As a much-needed step in the direction of removing the stigma associated with mental disorders, elementary, middle and high schools across New York will be required to include mental health education in their health curriculum, effective July 1, 2018. After years of tireless legislative backing by the Mental Health Association in New York State (MHANYS), a nonprofit, New York lawmakers have finally responded to the call. The initiative would make New York the first state in the U.S. to impart mental health education in schools.
The proposed mental health curriculum will cover a wide range of areas, endeavor to reframe the illness as ‘integral’ to one’s overall health and help students obtain the right tools to enable them to cope with the disorder on their own. If successful in New York, the program would enable other states to follow suit.
A serious medical condition, mental disorders affect approximately one in five adults in the United States in a year. According to the National Alliance on Mental Illness, nearly one in every 25 American adult experiences a mental disorder so severe that it affects their ability to undertake daily chores. With such a high prevalence of mental illnesses, it becomes imperative that programs, like the above, are incorporated at the earliest.
Need for mental health education
According to the advocates of the movement, adding mental health literacy to the school curriculum would provide the younger generation with the knowledge to prevent, recognize the symptoms of, deal with and support others dealing with mental disorders. In addition to empowering youth, early access to mental health education would help fight the misconceptions about mental illnesses, lower the stigma surrounding it and encourage people to seek timely professional help.
Though the schools have long been talking about physical health, it was time that they started talking about other aspects of health, including public health issues like alcohol and drug abuse and mental health issues like depression, anxiety and post-traumatic stress disorder (PTSD). This would help children learn to identify the early warning signs of mental illnesses and help them be involved in ‘gainful activities’ like college or employment after finishing primary education with confidence.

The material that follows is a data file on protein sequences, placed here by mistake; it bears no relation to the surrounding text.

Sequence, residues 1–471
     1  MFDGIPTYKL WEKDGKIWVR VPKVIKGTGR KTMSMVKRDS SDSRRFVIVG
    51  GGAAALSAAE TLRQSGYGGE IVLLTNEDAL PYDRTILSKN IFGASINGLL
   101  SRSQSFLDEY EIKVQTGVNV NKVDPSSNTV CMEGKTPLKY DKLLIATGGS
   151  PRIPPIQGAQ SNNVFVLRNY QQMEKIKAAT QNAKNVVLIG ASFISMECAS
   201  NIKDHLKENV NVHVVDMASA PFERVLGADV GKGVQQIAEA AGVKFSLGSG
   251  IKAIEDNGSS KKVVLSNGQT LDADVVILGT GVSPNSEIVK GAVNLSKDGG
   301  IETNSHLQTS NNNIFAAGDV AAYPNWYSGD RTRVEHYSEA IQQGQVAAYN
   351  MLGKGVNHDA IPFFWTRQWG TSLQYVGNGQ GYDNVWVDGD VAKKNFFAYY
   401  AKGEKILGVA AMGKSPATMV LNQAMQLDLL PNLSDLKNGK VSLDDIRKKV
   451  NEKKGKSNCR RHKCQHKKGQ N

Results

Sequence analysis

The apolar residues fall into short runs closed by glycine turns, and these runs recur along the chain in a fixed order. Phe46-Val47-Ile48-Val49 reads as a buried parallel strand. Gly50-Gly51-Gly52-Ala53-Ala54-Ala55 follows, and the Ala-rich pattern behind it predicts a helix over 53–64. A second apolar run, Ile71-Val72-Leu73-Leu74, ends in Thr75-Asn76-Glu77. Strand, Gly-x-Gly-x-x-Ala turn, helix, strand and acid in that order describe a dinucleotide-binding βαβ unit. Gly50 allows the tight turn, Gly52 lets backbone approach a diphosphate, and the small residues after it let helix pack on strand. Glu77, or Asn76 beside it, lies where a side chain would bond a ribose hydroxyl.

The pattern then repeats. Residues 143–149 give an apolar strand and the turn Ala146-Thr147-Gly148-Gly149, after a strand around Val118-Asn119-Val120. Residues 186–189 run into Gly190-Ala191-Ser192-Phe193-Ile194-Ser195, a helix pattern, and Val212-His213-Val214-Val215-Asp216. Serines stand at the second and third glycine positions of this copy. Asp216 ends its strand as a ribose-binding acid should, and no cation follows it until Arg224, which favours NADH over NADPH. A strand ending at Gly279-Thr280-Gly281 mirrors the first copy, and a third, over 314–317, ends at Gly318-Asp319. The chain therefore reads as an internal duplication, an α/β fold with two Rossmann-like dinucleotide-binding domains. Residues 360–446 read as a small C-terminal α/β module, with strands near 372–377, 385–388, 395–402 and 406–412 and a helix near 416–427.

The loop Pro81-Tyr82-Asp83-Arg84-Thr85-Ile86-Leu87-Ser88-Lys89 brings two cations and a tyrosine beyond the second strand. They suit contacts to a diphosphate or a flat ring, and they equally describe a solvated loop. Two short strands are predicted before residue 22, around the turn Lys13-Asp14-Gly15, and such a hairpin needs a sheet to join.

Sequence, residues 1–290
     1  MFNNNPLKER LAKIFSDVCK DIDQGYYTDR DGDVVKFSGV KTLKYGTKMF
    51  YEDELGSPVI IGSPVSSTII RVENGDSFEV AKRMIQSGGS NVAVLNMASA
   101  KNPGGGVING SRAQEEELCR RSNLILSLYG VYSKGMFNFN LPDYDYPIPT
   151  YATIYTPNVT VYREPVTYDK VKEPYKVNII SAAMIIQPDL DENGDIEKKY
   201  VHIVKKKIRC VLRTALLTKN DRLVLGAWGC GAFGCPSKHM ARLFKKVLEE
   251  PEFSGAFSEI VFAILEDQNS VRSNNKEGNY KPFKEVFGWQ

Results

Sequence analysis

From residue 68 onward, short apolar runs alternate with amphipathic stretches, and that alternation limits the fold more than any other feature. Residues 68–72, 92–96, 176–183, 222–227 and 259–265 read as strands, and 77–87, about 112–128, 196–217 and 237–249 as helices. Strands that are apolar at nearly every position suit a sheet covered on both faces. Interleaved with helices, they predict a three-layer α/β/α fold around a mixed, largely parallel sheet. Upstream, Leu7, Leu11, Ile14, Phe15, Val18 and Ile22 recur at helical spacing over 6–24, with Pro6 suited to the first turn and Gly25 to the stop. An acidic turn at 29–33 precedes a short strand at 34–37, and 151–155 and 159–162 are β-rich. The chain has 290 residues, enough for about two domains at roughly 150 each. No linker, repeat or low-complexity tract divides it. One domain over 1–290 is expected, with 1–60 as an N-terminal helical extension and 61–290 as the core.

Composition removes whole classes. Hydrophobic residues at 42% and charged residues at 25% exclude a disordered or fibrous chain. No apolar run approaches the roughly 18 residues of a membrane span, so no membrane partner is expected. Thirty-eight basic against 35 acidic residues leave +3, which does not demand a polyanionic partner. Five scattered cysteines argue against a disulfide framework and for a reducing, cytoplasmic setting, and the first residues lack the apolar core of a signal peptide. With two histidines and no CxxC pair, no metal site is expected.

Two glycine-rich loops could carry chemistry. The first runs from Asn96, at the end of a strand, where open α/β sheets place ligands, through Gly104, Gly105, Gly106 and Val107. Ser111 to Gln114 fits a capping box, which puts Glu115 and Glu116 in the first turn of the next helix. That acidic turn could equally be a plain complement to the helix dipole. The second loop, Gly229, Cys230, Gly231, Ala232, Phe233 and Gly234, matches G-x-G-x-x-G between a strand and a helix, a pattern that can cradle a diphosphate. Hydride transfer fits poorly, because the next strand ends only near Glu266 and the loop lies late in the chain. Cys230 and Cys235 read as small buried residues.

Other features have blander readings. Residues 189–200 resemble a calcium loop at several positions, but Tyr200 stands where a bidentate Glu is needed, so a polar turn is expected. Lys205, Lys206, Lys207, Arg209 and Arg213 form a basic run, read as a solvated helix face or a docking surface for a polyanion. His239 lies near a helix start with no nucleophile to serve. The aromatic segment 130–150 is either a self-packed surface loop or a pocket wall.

Given the era of jam-packed schedules, the stress to perform well in education and sports and the pressure to portray a picture-perfect life, both online and offline, experts feel that today’s youth need more than just basic education as part of their school curriculum. With the first warning signs of mental disorders appearing as early as 14 years of age, early identification of mental ailments becomes even more crucial. It is estimated that in the U.S. alone, every fifth child aged 13-18 will have a diagnosable mental, emotional or behavioral disorder at some point during their life. Unfortunately, only 20 percent are ever diagnosed for their conditions. When left undiagnosed or untreated, mental illnesses can impact the way young people learn and build skills that can lead to challenges in future.
Sound mental health important for good life
Good mental health is about being emotionally, socially and cognitively healthy to be able to enjoy life to the fullest. While positive mental health allows an individual to realize his/her full potential, cope with stressors of life, work productively and make a meaningful contribution to communities; untreated mental illnesses can make ordinary things like school, work and socializing hard and also cause a great deal of suffering for both the patients as well as their family members.
If you or someone you know is suffering from any kind of mental illnesses, contact the 24/7 Mental Health Helpline. Our trained counselors at our mental health live chat can answer your questions about mental disorders and help identify the best mental rehab centers. Call at our 24/7 helpline number (855) 653-8178 or chat live on our mental help chat to know more about the finest mental health facilities suitable for you.